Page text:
He was the child prodigy who played with Mahalia Jackson at age 10, Nat King Cole at 11, portrayed W.C. Handy as a child in film at 12, backed Sam Cooke and Little Richard by 16, and then had that little stint as the "Fifth Beatle" at 23.
That's the résumé; The legacy of Billy Preston we can write for ourselves. Mine would include his Clavinet-standard studio improv "Outa-Space," those iconic electric piano performances from the "Let It Be" sessions, his surprisingly creative piano work on the Stones' career-twilight albums, a canon of hit-worthy compositions under his own name, and the countless other classic contributions he made across the rock and roll era.
But playing is only part of his story: It's been argued that his gregarious and infectious personality was at least partly responsible for holding together the centrifugal egos of John, Paul, and George during the "Let It Be" sessions. You don't get to play with as many greats as Preston unless you've a substantial personality. But what resonates most about the legacy of musicianship, I believe, is his obvious and deep love of playing; It's the irreducible component of truth in all great musicians' art. See this in action along with a jubilant and manic energy that rises to escape velocity levels in this 1969 performance from "The Concert for Bangladesh":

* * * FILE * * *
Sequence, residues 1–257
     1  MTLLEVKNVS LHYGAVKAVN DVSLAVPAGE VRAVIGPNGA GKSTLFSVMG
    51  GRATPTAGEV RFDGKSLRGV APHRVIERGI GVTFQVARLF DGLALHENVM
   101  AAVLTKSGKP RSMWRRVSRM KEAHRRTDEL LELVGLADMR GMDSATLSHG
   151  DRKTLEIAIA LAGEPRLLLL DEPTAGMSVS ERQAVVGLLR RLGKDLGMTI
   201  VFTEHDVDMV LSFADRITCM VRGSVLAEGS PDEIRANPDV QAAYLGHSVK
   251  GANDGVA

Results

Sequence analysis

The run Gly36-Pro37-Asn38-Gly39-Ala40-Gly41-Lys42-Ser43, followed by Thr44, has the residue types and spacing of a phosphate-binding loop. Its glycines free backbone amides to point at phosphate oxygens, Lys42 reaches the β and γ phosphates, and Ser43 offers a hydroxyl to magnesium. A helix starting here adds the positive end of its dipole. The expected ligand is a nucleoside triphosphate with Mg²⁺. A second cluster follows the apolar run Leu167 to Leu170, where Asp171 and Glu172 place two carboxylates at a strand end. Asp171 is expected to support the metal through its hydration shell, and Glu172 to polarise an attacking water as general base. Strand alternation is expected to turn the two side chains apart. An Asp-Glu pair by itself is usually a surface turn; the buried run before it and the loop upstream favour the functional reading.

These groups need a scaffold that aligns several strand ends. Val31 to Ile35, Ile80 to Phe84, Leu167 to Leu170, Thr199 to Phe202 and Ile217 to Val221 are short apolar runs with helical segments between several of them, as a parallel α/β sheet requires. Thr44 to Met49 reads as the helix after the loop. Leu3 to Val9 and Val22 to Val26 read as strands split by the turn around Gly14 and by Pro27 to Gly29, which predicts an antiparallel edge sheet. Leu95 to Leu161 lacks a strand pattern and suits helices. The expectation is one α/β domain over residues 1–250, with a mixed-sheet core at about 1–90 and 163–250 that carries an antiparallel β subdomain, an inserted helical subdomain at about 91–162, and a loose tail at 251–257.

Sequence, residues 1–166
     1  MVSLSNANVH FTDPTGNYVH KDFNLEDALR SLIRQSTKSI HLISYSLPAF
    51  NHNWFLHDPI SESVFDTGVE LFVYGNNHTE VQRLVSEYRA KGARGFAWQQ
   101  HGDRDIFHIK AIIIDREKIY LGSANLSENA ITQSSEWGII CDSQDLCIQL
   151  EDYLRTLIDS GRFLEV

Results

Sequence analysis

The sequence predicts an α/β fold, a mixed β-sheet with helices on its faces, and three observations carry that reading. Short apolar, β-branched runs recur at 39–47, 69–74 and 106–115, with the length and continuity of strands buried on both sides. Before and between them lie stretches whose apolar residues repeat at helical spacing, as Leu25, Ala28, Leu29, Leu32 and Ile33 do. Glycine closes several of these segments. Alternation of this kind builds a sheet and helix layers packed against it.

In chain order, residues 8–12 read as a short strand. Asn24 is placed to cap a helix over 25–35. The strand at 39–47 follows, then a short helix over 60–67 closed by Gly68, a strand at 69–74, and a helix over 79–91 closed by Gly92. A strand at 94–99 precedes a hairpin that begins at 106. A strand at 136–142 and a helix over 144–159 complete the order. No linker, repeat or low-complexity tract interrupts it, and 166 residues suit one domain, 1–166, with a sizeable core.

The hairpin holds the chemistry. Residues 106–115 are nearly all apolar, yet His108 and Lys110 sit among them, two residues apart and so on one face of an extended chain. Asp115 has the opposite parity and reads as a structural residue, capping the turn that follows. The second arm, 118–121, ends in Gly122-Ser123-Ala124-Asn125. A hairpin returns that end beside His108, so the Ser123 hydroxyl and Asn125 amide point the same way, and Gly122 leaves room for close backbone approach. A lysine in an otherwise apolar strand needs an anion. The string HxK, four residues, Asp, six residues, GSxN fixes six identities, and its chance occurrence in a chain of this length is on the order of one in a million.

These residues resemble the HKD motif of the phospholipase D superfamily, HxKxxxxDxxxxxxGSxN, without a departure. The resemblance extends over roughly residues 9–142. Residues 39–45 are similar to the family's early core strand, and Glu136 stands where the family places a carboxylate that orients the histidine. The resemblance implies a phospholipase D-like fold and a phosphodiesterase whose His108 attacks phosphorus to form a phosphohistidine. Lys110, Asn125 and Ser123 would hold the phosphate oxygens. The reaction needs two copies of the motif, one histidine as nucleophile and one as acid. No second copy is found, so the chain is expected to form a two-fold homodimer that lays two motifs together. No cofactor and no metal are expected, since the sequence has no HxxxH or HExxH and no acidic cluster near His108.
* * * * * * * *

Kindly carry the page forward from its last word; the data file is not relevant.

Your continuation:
Also on the bill were Dylan, Clapton, George Harrison, Leon Russell, and Badfinger. It was often written that Billy stole the show; That was probably an understatement.